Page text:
Or, if we leave the land part of the story behind for a moment, it’s a little like a conservation worker trying to save the pandas, even though the numbers don’t look good and the bamboo forests are being cut down and the people are moving further and further into the panda habitat.
Or like the architects who designed, and the patrons who financed, and the laborers who built, those cathedrals in Europe—cathedrals that took an average of 150 years—three lifetimes, or 4-5 generations of workers—to build.
The thing all of these people have in common is a vision—a vision of a future that others can’t always see, a vision for life in all its fullness, a vision of the kingdom of God. And they have invested themselves—their time, their imagination, their money, their energy—in that vision.
Just a few chapters ago, God reminded Jeremiah that God has a vision for the people—a vision for a future of hope. But if we really believe this—if we really believe that God keeps promises, that the promise is for a future of hope, that Christ came that we might have life in all its fullness, that the Spirit moves among us bringing life and light and hope, that God is widening the circle of grace even more than we can imagine, or (to use the words of the song we just sang a few minutes ago), “In you, O Lord, I put my trust” / “My hope is in no other save in Thee”…why aren’t we investing too? We’ve even been given investment guidelines: to love the Lord our God with all our heart, and all our soul, and all our mind, and all our strength—in other words, with everything we are, everything we have, everything we do. This is an all-or-nothing investment strategy, one in which we put God, not ourselves, at the top of our portfolio list. We invest in God’s future of hope, not in securing our own futures. And Jeremiah shows us what that looks like—we put our money where we say our faith is. If we believe that God has a future of hope in store, that houses and fields and vineyards will again be bought, that occupying armies will leave and peace and justice will one day rule, that abundant life is possible and even desirable for every part of God’s creation…if we believe that God’s covenant is for real and we are a part of it, then it’s time to invest. It’s time to spend our money, our time, our reputations, our energy, our creativity, our resources, all our capital, on showing that we believe these things to be true. Because without investment, businesses don’t grow—and in this sense the kingdom of God is a little like a business. When we pray “your kingdom come” that must mean that we want it, so it’s time to back the words up with actions and resources.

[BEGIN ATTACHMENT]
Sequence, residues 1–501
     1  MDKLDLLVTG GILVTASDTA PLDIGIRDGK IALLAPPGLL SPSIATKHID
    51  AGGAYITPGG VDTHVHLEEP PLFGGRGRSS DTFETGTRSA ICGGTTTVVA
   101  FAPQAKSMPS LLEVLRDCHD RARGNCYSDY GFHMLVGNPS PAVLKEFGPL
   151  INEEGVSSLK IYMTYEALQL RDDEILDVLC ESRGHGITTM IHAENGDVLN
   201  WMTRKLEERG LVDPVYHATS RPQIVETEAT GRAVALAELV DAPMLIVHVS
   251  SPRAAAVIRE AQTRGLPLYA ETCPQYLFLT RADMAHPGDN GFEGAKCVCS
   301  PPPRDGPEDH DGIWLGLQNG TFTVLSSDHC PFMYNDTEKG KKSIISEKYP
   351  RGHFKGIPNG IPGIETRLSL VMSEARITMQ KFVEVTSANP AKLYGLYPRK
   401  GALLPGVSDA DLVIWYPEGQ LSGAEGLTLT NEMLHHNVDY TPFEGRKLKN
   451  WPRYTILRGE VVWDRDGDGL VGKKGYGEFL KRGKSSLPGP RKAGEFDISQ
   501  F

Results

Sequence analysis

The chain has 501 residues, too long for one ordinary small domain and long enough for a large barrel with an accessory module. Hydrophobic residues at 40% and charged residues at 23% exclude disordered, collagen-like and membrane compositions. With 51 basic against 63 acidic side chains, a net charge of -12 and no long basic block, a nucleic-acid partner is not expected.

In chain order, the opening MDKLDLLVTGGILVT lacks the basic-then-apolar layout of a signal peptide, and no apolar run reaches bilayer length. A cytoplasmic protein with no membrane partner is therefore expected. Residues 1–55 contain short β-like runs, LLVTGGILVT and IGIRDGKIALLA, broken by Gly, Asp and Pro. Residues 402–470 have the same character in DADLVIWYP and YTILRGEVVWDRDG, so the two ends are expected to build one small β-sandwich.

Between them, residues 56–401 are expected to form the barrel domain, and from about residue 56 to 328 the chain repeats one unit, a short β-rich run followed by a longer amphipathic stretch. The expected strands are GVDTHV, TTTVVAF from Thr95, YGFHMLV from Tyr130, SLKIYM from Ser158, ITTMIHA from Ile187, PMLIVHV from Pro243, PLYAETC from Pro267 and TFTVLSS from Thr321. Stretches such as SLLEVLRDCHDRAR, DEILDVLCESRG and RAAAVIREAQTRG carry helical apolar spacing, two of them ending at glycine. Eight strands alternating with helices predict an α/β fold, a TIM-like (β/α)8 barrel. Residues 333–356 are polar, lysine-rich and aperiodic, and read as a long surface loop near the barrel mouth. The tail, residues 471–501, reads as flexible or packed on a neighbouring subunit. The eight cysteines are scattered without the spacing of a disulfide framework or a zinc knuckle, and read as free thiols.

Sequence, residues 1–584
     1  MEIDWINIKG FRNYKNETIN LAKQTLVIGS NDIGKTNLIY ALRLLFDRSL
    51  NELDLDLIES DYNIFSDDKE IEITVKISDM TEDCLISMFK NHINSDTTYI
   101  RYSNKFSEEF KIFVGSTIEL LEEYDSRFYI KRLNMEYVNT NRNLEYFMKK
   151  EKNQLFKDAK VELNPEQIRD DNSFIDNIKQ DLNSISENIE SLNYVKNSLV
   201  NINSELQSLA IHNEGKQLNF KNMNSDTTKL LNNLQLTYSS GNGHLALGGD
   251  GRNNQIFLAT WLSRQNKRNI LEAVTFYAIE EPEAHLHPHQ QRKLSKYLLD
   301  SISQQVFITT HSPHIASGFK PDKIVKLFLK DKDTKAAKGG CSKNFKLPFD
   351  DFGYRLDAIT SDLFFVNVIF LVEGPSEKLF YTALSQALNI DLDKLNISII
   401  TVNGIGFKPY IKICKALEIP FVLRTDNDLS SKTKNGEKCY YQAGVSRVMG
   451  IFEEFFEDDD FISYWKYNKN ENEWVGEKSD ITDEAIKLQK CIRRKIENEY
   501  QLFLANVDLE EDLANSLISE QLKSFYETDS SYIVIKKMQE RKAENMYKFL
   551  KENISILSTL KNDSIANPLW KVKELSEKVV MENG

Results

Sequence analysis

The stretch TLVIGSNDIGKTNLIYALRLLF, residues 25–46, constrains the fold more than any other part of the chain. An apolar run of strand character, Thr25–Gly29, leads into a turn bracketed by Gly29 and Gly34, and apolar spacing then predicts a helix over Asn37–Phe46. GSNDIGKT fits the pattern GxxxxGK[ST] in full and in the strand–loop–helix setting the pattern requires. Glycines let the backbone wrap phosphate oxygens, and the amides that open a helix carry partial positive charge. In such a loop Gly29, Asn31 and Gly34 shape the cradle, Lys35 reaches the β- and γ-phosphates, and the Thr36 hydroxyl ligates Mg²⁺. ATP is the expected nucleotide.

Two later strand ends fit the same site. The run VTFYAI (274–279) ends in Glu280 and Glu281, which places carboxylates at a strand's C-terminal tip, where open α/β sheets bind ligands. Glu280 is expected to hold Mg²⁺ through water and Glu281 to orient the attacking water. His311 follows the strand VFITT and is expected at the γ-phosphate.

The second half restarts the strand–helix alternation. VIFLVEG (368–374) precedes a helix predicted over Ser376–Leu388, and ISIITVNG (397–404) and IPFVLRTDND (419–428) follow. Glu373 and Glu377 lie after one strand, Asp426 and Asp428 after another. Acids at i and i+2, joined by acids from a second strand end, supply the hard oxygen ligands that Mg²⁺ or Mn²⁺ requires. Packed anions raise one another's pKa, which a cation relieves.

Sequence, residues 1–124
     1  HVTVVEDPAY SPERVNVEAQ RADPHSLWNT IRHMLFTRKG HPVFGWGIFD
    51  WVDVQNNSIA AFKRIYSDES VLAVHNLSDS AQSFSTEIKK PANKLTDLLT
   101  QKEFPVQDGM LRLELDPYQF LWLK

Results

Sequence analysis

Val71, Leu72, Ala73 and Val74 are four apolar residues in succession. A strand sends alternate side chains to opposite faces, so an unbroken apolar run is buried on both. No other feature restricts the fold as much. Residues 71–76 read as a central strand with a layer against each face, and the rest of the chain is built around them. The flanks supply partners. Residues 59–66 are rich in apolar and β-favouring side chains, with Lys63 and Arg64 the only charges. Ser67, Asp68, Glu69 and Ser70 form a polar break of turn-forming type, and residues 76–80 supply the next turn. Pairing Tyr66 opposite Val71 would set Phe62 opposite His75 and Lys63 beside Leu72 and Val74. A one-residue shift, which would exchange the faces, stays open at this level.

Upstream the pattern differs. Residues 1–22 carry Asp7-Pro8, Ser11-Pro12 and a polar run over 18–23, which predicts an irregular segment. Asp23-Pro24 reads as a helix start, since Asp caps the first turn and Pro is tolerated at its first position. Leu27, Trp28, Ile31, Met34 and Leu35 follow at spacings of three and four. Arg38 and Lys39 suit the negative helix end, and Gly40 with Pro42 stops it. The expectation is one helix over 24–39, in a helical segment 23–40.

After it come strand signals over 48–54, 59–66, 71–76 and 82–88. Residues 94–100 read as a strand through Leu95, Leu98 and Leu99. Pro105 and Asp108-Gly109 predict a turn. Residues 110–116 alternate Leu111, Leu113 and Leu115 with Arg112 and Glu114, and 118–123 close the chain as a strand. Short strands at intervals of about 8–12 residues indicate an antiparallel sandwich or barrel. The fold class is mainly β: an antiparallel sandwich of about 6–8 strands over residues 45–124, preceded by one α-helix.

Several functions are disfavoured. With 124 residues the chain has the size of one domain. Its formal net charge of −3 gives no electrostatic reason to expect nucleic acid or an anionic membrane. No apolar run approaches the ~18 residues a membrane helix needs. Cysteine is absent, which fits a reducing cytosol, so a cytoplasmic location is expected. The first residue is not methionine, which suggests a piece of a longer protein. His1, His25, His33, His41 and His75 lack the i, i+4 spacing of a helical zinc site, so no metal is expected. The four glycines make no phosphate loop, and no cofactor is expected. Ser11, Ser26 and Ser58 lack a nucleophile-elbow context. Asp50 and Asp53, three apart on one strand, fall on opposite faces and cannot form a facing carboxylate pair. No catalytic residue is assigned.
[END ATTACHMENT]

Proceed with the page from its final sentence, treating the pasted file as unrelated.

Now, unlike most of our investments, the purpose of this one isn’t to improve our own lot in life, to ensure our own security, or make ourselves wealthy. We may not even see the returns on this investment. Like the architect who never saw his cathedral realized in his lifetime, we are people who invest in something that may be a ways down the road. Jeremiah told the scribe to put the deeds in earthenware jars so they might last a long time—and Jeremiah never saw that field in his lifetime. The Palestinian farmer who holds onto the deeds for his land on the other side of the separation barrier may never see his fields or olive trees again, but he has hope. The conservationists may never see the day pandas are successfully reintroduced in the wild, but they work in hope. The patrons and architects and laborers may never see their sanctuary, their refuge, their symbol of God’s presence finished, but they know it will be important for others they’ll never meet. But, as Oscar Romero points out, we are workers, not master builders, so we may never see the end results. We are prophets, and investors, in a future not our own—God’s future of hope.
May we be faithful workers, for the building up of God’s kingdom.
Friday, September 24, 2010
Our title comes from a quote popularly attributed to St. Augustine: "He who sings prays twice." A little Googling, however, indicates that Augustine didn't say exactly that. In fact, what he said just doesn't fit well onto a t-shirt. So we'll stick with what we have.
"Singing reduces stress and increases healthy breathing and emotional expression. Singing taps into a deep, age-old power available to all of us. When we find our voice, we find ourselves. Today, sing like you mean it." And let's talk about the role music plays in your life and worship.